Methodological quality of the review: Low confidence
Author: Tian Chunyu, Peng Xiujun, Fan Zhengjun and Yin Zhengqin
Region: Not reported
Sector: Amblyopia caused by high myopia
Subsector: High myopia treatment
Equity focus: No
Study population: Children
Type of programme: Hospital based
Review type: Other review
Quantitative synthesis method: Systematic review
Qualitative synthesis method: Not applicable
Background: Amblyopia therapy for refractive amblyopia consists of correcting significant refractive error with either spectacles or contact lenses and occlusion therapy or pharmacologic penalisation of the fellow eye. However, both methods have some drawbacks and are not suitable for all the cases, especially in monocular amblyopia secondary to anisometropia. Spectacle correction for extreme myopic or hyperopic refractive errors can lead to prismatically induced aniseikonia. Refractive surgery gave us new thoughts on treating these difficult cases. In 1995, Singh6 first reported the results of PRK in children with dense amblyopia caused by unilateral myopia and unequal hypermetropia. After surgery, best corrected vision acuity (BCVA) improved, with no inflammatory reactions, stable intraocular pressure, and good positioning in all eyes. So, they indicated that ICL implantation was a safe surgical procedure to correct amblyopia.
Objectives: To compare various visual function parameters, including the final visual acuity outcome and/or adverse events between corneal refractive surgery (CLRS) and phakic intraocular lens implantation (PIOLI) in the treatment of refractive amblyopic children.
Main findings: According to our search strategy, there were 25 articles, including 597 patients and 682 eyes, using refractive surgery for treating high myopic or anisometropic amblyopia. Among them, 21 articles reported the use of CLRS in the treatment of myopic anisometropia for 318 patients (13 PRK or LASEK and 8 LASIK). The mean age in CLRS group was (9.32±2.99) years (range from 1 to 17 years). The mean age in PIOLI was (8.08±2.99) years. The mean SE in CLRS group for the treatment of myopic anisometropia amblyopic patients was (-10.13±2.73) D and for the treatment of hyperopic anisometropia amblyopic patients was (5.58±1.28) D. When looking at the outcome between CLRS and p-IOLi, in both groups, the BCVA gain following intervention showed positive results. The gains in UCVA or BCVA range from mild to excellent, with no reported losses of acuity. In CLRS group, BCVA improved from 0.30±0.13 to 0.55±0.15 P<0.05, while in the p-IOLi group, BCVA improved from 0.09±0.05 to 0.42±0.14, P<0.05. Refractive errors were corrected in all the cases, although some patients suffered regression of more than 3D (20). There is no difference in postoperation SE between CLRS group (-0.33±-1.18) and PIOLI group (-0.42±-0.96, P>0.05. No severe complications were reported after pediatric refractive surgery in either group. The major complications in CLRS were myopic regression and haze.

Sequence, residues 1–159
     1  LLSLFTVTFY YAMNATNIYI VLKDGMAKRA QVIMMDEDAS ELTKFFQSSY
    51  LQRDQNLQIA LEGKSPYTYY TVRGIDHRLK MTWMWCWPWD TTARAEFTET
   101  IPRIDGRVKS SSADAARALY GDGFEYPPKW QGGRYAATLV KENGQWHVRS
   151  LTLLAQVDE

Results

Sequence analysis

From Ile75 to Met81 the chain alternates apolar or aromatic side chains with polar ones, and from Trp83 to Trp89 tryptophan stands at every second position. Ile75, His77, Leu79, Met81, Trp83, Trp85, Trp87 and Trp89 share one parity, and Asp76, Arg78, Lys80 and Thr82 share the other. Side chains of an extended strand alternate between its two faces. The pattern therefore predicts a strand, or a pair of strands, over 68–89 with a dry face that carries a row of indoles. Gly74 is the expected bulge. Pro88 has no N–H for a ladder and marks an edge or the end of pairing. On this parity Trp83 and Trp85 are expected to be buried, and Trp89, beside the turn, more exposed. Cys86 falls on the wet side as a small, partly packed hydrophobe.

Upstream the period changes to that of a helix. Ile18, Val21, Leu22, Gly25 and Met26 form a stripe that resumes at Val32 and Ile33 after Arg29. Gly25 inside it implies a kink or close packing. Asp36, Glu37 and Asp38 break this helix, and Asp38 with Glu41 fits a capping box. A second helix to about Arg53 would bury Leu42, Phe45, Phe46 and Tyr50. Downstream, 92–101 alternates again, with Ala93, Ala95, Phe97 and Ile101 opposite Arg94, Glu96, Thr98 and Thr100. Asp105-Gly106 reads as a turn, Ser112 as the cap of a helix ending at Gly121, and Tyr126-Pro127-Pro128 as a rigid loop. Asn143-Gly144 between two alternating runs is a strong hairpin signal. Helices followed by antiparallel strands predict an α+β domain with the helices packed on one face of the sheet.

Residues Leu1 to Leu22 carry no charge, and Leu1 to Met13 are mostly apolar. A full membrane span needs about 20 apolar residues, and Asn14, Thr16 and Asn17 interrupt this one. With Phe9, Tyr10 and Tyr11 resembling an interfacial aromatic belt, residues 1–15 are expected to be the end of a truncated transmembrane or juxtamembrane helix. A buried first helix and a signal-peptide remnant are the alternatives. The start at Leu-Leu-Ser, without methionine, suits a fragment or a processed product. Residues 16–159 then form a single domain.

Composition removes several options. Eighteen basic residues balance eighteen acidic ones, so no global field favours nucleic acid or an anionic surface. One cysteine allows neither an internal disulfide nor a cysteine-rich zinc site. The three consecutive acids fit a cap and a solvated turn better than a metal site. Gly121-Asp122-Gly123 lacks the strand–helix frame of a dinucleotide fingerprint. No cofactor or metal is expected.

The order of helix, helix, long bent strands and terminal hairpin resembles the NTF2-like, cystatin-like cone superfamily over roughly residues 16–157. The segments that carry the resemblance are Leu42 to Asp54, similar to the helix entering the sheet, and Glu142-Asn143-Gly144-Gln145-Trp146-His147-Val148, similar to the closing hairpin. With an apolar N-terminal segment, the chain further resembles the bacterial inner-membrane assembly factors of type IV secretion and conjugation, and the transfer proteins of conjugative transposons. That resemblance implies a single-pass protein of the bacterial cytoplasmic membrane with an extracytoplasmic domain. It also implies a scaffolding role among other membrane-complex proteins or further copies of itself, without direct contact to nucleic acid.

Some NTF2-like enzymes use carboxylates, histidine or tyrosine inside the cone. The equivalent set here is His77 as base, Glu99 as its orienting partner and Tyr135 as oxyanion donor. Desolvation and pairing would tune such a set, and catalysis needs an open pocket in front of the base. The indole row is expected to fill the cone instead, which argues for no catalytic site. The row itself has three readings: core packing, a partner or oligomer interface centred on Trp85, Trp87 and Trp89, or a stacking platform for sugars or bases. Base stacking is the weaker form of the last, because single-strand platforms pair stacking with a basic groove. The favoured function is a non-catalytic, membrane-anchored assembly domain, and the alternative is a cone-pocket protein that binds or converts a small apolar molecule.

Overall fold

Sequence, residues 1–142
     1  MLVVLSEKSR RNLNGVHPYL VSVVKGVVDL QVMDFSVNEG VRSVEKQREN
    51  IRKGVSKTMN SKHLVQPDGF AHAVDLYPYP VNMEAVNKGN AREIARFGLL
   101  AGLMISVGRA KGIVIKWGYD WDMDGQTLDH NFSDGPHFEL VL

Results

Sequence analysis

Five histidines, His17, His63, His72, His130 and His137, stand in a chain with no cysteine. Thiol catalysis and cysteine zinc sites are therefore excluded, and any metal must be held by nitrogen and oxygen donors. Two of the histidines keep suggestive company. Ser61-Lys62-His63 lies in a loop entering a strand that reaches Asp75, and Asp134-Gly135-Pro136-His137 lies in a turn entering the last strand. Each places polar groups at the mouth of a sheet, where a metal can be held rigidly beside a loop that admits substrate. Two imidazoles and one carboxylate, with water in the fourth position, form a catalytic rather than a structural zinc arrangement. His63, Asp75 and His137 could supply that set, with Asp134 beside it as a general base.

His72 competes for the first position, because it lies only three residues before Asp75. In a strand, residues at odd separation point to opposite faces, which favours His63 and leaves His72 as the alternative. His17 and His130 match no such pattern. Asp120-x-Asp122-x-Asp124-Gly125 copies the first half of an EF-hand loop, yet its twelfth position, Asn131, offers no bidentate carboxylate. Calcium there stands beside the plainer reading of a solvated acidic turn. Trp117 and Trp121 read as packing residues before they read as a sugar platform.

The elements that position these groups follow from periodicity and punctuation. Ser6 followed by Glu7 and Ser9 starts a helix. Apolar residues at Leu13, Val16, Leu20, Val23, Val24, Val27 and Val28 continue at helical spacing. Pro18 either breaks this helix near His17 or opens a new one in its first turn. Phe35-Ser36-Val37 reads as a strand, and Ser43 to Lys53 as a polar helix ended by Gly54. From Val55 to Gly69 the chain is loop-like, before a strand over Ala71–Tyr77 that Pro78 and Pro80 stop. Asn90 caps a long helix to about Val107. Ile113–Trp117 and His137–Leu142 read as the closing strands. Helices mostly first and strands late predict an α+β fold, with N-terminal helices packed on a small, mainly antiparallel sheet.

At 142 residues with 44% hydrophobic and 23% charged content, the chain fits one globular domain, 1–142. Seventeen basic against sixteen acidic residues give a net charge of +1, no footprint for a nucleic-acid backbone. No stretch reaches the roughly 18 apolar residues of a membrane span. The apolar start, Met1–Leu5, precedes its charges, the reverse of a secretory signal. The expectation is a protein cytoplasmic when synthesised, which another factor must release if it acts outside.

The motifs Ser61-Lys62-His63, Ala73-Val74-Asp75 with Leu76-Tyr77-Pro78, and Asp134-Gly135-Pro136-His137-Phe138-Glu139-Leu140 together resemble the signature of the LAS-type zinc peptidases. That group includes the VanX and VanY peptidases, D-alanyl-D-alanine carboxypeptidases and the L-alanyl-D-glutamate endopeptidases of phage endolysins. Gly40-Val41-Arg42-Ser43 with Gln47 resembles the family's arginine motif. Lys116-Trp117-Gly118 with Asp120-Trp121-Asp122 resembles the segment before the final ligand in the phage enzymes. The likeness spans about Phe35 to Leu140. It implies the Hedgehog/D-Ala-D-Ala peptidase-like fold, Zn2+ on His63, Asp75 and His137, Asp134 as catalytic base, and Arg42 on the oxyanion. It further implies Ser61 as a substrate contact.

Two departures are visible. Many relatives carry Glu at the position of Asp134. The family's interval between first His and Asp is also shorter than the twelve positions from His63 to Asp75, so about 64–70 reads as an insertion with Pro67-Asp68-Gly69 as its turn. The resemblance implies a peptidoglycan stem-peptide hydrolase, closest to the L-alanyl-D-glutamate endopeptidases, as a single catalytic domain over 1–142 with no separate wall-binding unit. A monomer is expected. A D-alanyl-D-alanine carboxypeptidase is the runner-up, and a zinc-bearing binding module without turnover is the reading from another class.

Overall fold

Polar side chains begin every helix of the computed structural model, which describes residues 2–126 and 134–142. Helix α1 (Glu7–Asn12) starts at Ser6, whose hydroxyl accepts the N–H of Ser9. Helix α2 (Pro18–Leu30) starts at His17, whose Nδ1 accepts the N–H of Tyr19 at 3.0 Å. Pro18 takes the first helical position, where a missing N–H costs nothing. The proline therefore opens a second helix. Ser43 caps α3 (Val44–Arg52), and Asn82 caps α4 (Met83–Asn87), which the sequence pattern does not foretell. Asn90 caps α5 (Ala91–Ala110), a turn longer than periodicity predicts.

Based on findings, authors conclude that both CLRS group and PIOLI group have advantages in treating refractive amblyopia in children. In comparing PIOLI with CLRS for treatment of refractive amblyopia, no statistically significant difference in final BCVA was observed.
All articles found were carefully reviewed to select those that reported original clinical data pre- and postoperatively. Articles were included if they reported data about refractive PIOLI with either CLRS or surgery in pediatric population with refractive error and/or amblyopia. Data from previously reported cases included in different articles were omitted, to avoid double calculation. Two reviewers separately evaluated the studies based on inclusion and exclusion criteria, and discrepancies were resolved by discussion. Age, surgical technique, and follow-up time were recorded.
Searches were conducted on PubMed, Embase and Controlled Trials Register databases for publications from 1991 to 2013. The following keywords were used: pediatric refractive errors and amblyopia, anisometropia, hyperopia, high myopia, LASIK, PRK, laser epithelial keratomileusis (LASEK), excimer laser, and phakic intraocular lens (PIOLI). There was no language restriction on the publications.
Applicability/external validity: Not discussed.
Geographic focus: Not discussed.
Summary of quality assessment:
Low confidence was attributed to the conclusions about the effects of this study, as important limitations were identified. Quality assessment of included studies were not reported, which may impact on the validity and reliability of findings. In addition, review authors did not contact authors/experts in the field as part of the search strategy.
Tian C, Peng X, Fan Z, Yin Z. Corneal refractive surgery and phakic intraocular lens for treatment of amblyopia caused by high myopia or anisometropia in children. Chin Med J (Engl). 2014;127(11):2167-72